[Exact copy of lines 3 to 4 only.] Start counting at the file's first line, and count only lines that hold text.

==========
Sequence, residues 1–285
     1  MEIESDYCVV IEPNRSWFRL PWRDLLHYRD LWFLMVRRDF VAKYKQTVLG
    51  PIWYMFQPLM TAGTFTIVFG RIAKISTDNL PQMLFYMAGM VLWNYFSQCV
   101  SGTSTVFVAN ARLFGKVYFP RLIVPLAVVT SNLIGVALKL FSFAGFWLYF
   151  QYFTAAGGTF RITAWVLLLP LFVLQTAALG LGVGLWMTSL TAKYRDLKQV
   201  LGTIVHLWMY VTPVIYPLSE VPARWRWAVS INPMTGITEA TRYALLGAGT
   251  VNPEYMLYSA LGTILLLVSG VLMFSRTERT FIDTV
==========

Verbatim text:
    51  PIWYMFQPLM TAGTFTIVFG RIAKISTDNL PQMLFYMAGM VLWNYFSQCV
   101  SGTSTVFVAN ARLFGKVYFP RLIVPLAVVT SNLIGVALKL FSFAGFWLYF